Such would also explain why the recent GSP's interchange with the ACX features no ACX shields on the signs whereas the prior-generation signage did; when the GSP was an NJHA facility.  The NJHA merged into the NJTA circa 2003.

Conversely, prior I-95/NJTP signage for Exit 11 featured no GSP shield but the new ones do.  The former predated the GSP becoming an NJTA run-facility.

Your guess is the same as mine, but its only that. Confirmation would be nice, but yes, all the evidence seems to suggest the NJTA just simply won't use other authority blazers. I wonder if its a copyright thing or something.
Another guess on my part, and such might be an old regulation standard that nobody since reviewed, displaying another agency's shield on their (NJTA's) signs would give the perception of advertising.

True story: when I worked on the National Park Service (NPS) plans that redeveloped 2 of the blocks north of Independence Hall in Philadelphia many years ago; the direction the consulting firms received was to not include the listing of their firm(s) on the plan title blocks, which would show on every sheet the firm(s) were responsible for, but only list it on the second or third plan sheet from the top.  I was told by the lead architect firm involved with the project; that the NPS viewed the practice of placing firm(s) names on multiple plan sheets was, in NPS' eyes, a form of advertising.

Again, speculation; maybe the NJTA had a similar sentiment that the NPS did.

Possible. Just surprising given they are essentially partner agencies (since they share the bridge).

Considering it advertising may be a little far fetched, being that the NJ Turnpike lists "Penn Turnpike" as a control city on their signage.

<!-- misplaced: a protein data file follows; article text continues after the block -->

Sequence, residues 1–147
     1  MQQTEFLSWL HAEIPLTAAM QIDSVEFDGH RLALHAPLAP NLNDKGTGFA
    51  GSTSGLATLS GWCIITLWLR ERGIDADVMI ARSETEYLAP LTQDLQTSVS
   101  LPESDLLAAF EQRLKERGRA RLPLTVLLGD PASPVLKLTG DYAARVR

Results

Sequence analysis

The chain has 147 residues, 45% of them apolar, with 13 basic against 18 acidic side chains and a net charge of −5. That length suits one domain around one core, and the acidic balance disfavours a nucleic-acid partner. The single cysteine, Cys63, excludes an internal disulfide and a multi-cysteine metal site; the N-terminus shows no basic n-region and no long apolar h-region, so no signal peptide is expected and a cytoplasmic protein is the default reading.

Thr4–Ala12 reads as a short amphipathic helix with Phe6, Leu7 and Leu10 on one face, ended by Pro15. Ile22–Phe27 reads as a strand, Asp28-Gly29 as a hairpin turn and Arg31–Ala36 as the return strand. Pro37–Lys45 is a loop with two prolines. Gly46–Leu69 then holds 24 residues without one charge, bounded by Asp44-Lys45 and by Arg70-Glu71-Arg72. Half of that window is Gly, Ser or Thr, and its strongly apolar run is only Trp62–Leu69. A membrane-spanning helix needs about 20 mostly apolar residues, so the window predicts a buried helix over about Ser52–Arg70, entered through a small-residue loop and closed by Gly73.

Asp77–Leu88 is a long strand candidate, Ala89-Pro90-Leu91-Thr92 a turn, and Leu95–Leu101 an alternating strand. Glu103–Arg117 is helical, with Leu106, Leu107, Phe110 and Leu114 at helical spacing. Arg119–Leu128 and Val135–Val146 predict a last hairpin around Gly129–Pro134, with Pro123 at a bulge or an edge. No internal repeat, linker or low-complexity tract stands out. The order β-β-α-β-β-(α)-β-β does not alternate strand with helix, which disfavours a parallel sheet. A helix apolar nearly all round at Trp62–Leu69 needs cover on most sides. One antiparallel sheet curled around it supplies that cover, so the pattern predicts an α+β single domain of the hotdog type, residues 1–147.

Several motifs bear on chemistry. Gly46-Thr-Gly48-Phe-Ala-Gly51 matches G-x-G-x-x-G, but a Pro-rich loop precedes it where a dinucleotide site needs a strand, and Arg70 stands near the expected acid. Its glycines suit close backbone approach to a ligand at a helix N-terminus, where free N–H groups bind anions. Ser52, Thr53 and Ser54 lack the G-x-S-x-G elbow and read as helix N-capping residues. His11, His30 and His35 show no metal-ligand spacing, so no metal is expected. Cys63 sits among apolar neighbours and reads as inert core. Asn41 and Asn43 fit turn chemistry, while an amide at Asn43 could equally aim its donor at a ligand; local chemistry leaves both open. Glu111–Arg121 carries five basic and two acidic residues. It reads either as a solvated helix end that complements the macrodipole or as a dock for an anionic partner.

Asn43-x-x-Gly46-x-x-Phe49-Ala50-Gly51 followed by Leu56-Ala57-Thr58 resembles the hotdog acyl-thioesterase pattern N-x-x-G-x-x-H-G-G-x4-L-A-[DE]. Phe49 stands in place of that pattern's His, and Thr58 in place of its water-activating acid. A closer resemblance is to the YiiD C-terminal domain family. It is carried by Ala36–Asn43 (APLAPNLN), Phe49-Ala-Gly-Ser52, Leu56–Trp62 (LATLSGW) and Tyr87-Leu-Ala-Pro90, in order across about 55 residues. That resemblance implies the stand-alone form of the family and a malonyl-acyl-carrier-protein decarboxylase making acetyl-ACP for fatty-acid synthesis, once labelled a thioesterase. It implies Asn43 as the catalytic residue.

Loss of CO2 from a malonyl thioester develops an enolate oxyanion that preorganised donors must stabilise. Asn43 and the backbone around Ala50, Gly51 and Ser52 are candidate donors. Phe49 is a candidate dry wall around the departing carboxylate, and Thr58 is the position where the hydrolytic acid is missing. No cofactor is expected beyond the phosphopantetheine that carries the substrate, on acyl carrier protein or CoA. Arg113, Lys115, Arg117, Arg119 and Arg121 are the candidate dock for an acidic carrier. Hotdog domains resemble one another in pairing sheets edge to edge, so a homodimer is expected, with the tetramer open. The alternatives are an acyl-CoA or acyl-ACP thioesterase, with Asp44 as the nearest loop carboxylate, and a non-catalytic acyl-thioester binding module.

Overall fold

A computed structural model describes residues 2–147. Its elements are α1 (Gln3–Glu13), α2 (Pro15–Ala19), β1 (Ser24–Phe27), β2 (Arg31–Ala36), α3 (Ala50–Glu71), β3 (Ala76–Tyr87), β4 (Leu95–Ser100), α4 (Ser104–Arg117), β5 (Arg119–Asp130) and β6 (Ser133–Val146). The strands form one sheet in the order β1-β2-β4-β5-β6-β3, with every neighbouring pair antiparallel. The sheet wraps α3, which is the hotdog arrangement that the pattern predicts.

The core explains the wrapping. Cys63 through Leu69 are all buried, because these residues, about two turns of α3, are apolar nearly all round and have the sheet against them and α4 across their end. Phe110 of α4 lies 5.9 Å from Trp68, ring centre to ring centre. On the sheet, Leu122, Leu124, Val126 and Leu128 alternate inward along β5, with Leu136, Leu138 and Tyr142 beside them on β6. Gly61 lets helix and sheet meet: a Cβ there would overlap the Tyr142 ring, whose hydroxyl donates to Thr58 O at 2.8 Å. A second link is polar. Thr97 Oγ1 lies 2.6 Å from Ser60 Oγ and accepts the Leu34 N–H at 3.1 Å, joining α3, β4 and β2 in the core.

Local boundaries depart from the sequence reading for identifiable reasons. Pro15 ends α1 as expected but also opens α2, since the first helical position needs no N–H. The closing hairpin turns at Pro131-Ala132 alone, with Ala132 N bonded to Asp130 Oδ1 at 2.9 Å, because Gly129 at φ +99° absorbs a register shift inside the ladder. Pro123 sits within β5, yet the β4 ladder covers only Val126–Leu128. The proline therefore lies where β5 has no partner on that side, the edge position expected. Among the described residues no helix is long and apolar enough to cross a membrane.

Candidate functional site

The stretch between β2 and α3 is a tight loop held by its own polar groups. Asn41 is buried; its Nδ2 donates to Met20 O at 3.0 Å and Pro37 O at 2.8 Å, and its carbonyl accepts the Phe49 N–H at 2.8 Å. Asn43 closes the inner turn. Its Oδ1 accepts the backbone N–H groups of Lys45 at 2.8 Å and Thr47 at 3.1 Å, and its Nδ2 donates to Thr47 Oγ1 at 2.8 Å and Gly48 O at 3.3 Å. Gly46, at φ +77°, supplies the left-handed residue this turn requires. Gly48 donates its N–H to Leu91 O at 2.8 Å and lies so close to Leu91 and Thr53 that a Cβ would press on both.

Remember: The NJ Turnpike shield is THE route "number" for about half the Turnpike. The PA Turnpike mainline has regular Interstate route numbers across its entire length.

The NJ Turnpike is also a much more recognized highway shield than most other toll road shields.
Most people probably aren't familiar with the Penna Turnpike keystone shield. If we were to look at Delaware, they have all but retired the Delaware Turnpike shield and just solely use the I-95 shield.
« Last Edit: July 21, 2021, 11:16:17 PM by jeffandnicole »
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PHLBOS

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Re: I-95/Penna Turnpike Interchange
« Reply #2895 on: July 21, 2021, 11:33:05 PM »

Remember: The NJ Turnpike shield is THE route "number" for about half the Turnpike. The PA Turnpike mainline has regular Interstate route numbers across its entire length.

The NJ Turnpike is also a much more recognized highway shield than most other toll road shields.
Most people probably aren't familiar with the Penna Turnpike keystone shield. If we were to look at Delaware, they have all but retired the Delaware Turnpike shield and just solely use the I-95 shield.